AN ONTOLOGICAL THEORY OF ART
final chapter of the book, ‘Emergency Aesthetics,’
delineates a theory of art focused on art’s ontological
appeal. Zabala’s aim is neither to criticize previous
aesthetic theories, nor to propose a new one, but to outline
a philosophical stance capable of interpreting existential disclosures
of contemporary art. Hence, the art theory outlined in the book
is clearly not aesthetic (i.e. focused on a non-cognitive experience
of art, as emerging from the perspective of Baumgarten and Kant),
but ontological – it addresses art against the background
of human existence and the world. Zabala follows here pre-Enlightenment
understanding of art, in which the cognitive dimension was central
– art’s role was to reveal truth about the reality.
This understanding can be dated back at least to the ancient
Greeks, for whom beauty and truth were two sides of the same
coin, and was in the 20th century revived by phenomenological
and hermeneutic thinkers. It stands in a stark contrast to the
mainstream aesthetic discourse, inclined to exclude art’s
claim to truth, and accordingly to dismiss its theoretical and
practical dimensions. As Heidegger points out, modern aesthetics
presupposes a particular conception of beings – as objects
of representation framed within the dominant worldview. Within
this horizon art loses its relation to culture and follows the
path of technology. In this context he speaks about ‘the
absence of art’ (Heidegger in Zabala 2017:6), a state
of being corresponding to the lack of a sense of emergency.
order to overcome this condition, we need not only to put aside
aesthetic representationalism, but also to disclose and interpret
the forgotten, existential appeal of Being. Following Gadamer,
Zabala considers art not an object on which we look and contemplate,
but an event that appropriates us into itself and reveals the
world. It invites us into a conversation that does not aim for
a disengaged exchange of different interpretations, but addresses
us in a direct way and changes our ways of perceiving the world.
Further, building upon Danto, Ranciere, and Vattimo, Zabala
claims that the truth of art no longer rests in representation
of reality, but rather in an existential project of transformation.
Today, artists and their audiences are called to intervene on
behalf of humanity.
can respond to the absence of the sense of emergency in different
ways. For Heidegger artworks disclose truth about the world
by expressing it in its fullness and uniqueness in a non-reductive
manner. As he demonstrates on the famous example of peasant’s
shoes depicted by Van Gogh, art can offer an in-depth glimpse
into human reality. Critical thinkers on the other hand adapt
a more subversive strategy, altering the reality we are accustomed
to rather than representing it. In this perspective art confronts
us with unexpected, strange, surprising, and provokes us to
search reasons for that oddness. This in turn motivates us to
take an ethical stance – to become existentially involved
for the sake of the weak and marginalized. Zabala follows the
latter perspective, arguing that the lack of a sense of emergency
in our contemporary realities demands a new aesthetic shock.
What produces shock in art are not its formal qualities, but
its refusal to situate itself within established perspectives.
we can see in the examples from Chapter 2, alterations of reality
created by artworks disrupt our fixed ways of seeing the world
and require response and intervention instead of contemplation.
To confront the alterations revealed in critical artworks, emergency
aesthetics must depend on hermeneutics – an effort of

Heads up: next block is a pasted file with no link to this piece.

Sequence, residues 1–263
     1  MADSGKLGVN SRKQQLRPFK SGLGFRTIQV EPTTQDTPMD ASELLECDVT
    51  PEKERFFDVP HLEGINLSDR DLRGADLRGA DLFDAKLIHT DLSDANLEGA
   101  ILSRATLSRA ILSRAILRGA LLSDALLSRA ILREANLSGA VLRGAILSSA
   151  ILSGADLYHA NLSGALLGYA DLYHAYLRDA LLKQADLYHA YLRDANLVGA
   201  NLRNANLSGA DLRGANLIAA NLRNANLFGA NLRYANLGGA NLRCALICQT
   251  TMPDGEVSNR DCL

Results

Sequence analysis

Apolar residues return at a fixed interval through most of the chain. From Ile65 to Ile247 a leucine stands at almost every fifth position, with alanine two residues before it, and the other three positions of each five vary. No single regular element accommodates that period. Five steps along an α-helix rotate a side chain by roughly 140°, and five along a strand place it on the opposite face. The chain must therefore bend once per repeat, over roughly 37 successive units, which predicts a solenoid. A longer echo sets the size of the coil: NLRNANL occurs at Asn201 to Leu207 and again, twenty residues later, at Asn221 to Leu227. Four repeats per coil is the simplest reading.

interpretation is necessary to retrieve the existential appeal
of art. Zabala follows Gadamer’s view of interpretation
as a fusion of horizons, governed by the existential situation
of the interpreter. However, he sees the keystone of hermeneutics
in the disclosure of the essential emergency – the absence
of emergencies in our contemporary world, while for Gadamer
it was the experience of truth revealed in art. Accordingly,
in Zabala’s emergency aesthetics interpretation has a
militant, anarchic character. As he points out, anarchic interpretations
do not strive for truth or completeness, but rather seek to
preserve the disclosure of emergency and invite us to a resolute
action in favour of the weak.
final chapter is followed by an afterword, engaging in a direct
dialogue with critical theory – such a dialogue is very
much implicit throughout the book. The afterword also situates
Zabala’s effort in a wider context of contemporary, socially
engaged art theory.
emergency aesthetics represents an original attempt to bridge
phenomenology and critical theory, and offers a well-thought
perspective on the challenges of contemporary democracies and
the role and potentials of art in addressing them. Importantly,
the book is more than a valuable contribution to art discourse.
It offers as much aesthetic as ethical theory, providing a critical
glimpse on the current way of framing the world and human life,
and asking for action on behalf of the weak, marginalized, and
said that, it must be noted that Zabala’s Why Only
Art Can Save Us is not an easy lecture. Although Chapter
2, presenting selected artists and their responses to the lack
of the sense of emergency, is generally accessible, philosophical
discussions in Chapter 1 and Chapter 3 may be difficult to follow
for readers completely unfamiliar with Heidegger’s phenomenology.
of the strengths of the text is a breadth of phenomenological
references, also including less commonly quoted works of Heidegger,
such as Mindfulness (2006/1938-1939). The book would however
benefit from a more explicit conversation with critical theory,
to which indebtedness is mentioned mostly in the afterword.
Heidegger appears as the principal reference throughout the
text, but the view that art creates emergencies through alterations
and disruptions of reality goes somehow beyond his perspective,
alluding among others to Adorno.
book can be recommended to philosophically inclined audiences
interested in socially engaged art theory, and art’s response
to contemporary crises. The readers interested specifically
in Heidegger’s view of art will find this book very relevant
Santiago, Why Only Art Can Save Us: Aesthetics and the Absence
of Emergency, Columbia University Press, ISBN 9780231183482)